Jon Stewart encourages Egyptian counterpart: ‘If your regime is not strong enough to handle a joke, then you don’t have a regime’
The Daily Show’s Jon Stewart, who has stepped away from his desk to helm a feature film, took a recent opportunity to sit down with Bassem Youssef, an Egyptian political satirist known in his country as its version of the Comedy Central host, discussing the effects of satire on government.
“If your regime is not strong enough to handle a joke, then you don’t have a regime,” Stewart said.
While in the Middle East, Stewart said he has been well received, “to the point where I wonder if you’re being sarcastic.” He also discussed the perceived dangers of satire with Youssef, who has faced trouble in his country for criticism of the Egyptian government.
Stewart defended his Egyptian colleague on the Daily Show when he was arrested in April for allegedly insulting President Mohammed Morsi and Islam. While initial reports stated it was Morsi who originally filed the complaint, the presidential office denied the claims.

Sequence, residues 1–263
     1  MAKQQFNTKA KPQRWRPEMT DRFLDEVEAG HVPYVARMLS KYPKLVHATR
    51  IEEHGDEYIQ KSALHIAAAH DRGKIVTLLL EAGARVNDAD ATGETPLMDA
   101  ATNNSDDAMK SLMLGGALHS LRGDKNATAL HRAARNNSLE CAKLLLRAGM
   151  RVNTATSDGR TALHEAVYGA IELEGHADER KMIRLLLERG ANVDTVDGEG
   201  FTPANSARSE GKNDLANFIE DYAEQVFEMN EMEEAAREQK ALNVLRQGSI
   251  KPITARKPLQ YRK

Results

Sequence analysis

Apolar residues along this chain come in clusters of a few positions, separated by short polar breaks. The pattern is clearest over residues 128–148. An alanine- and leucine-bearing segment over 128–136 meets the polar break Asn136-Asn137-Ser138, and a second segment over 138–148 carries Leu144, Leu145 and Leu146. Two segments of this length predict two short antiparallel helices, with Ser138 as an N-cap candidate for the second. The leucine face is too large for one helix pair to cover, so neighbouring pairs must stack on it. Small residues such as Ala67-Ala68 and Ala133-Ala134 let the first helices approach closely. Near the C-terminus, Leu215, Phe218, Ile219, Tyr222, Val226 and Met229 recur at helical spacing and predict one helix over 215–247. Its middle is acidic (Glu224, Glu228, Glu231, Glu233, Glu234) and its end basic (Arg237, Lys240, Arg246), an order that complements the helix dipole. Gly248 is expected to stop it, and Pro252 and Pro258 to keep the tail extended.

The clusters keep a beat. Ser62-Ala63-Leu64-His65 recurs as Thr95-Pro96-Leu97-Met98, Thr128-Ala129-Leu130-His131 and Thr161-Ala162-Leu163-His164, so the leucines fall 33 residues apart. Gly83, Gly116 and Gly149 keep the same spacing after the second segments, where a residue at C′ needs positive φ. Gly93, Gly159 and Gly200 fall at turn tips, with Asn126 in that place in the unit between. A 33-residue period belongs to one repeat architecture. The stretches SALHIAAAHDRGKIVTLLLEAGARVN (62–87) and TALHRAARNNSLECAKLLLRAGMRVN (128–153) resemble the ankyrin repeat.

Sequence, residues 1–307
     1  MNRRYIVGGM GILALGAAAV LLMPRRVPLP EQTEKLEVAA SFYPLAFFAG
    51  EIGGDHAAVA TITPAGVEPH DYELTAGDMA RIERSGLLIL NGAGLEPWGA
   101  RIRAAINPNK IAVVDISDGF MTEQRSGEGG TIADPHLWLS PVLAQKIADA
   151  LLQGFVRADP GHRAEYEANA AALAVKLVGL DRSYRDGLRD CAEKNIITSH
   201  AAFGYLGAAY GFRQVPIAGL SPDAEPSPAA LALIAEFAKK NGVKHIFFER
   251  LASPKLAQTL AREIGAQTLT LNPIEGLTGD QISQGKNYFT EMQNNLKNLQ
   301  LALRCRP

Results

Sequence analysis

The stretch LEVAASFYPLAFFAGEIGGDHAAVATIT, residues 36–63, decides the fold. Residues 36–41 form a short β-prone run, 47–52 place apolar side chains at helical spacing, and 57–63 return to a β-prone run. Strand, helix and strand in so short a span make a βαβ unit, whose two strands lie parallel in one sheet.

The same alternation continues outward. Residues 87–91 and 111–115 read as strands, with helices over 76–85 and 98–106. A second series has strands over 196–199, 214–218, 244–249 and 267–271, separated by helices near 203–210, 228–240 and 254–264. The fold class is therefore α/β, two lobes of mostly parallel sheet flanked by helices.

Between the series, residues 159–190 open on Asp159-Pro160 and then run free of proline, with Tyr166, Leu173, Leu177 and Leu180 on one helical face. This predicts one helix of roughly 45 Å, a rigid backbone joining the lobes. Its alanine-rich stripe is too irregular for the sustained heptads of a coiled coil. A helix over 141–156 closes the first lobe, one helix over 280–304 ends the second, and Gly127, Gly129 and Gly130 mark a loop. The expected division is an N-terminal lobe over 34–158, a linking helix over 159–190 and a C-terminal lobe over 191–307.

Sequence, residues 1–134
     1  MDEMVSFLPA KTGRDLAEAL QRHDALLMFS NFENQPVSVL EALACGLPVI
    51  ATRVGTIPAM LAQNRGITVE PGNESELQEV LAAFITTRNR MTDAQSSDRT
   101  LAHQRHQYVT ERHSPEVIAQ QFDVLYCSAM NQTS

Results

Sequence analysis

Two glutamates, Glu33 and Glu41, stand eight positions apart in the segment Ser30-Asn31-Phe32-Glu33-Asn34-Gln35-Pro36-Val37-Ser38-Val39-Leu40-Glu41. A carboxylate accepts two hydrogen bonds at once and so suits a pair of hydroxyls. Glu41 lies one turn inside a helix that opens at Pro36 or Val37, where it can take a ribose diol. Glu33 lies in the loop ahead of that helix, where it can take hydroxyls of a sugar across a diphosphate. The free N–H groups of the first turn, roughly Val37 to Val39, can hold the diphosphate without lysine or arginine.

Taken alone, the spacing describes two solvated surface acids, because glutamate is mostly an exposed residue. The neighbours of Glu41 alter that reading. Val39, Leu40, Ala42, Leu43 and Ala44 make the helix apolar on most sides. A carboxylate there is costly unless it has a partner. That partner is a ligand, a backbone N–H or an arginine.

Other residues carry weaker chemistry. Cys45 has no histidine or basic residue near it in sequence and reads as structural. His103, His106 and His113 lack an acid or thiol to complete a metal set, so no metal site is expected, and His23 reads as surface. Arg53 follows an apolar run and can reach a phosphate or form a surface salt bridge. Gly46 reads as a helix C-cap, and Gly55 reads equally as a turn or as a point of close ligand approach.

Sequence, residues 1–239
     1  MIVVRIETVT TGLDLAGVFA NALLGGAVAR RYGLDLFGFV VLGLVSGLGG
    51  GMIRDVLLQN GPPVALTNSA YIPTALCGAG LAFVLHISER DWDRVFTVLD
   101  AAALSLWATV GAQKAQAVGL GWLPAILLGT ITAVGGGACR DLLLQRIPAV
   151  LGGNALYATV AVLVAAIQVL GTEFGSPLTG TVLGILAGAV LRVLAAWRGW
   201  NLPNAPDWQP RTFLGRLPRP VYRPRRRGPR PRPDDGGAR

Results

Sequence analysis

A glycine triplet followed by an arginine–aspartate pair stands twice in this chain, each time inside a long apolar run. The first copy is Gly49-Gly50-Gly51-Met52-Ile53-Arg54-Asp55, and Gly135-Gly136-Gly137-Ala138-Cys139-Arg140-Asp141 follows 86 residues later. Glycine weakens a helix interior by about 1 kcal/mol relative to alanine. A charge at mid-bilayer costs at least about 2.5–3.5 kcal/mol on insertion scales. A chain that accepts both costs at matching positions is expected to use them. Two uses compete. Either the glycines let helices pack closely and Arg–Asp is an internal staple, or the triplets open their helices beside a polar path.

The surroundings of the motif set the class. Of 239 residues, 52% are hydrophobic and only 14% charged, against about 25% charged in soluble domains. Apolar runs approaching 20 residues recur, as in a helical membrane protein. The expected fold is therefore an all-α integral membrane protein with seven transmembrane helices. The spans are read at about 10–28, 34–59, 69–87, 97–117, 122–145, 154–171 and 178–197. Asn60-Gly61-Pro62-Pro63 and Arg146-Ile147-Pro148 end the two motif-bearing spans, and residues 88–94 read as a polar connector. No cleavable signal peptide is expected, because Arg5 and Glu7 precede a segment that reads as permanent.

Stewart said he was “honored” to be on the fellow comedian’s show and used the platform to jokingly announce that President Mohammed Morsi had appointed him an Egyptian mayor. Stewart also made light of his current hiatus while filming a movie in the region.
“As you know, my people like to wander the desert. So that’s what I’m doing now, wandering the desert,” he said.
The film, “Rosewater,” is Stewart’s movie adaptation of a book by journalist Maziar Bahari. Bahari was imprisoned in 2009 after he was interviewed by Daily Show correspondent Jason Jones.
“He wrote a beautiful book about it, and he has honored me and trusted me with telling the story through a script and a movie,” he said.
Watch the video below, courtesy of Mediaite.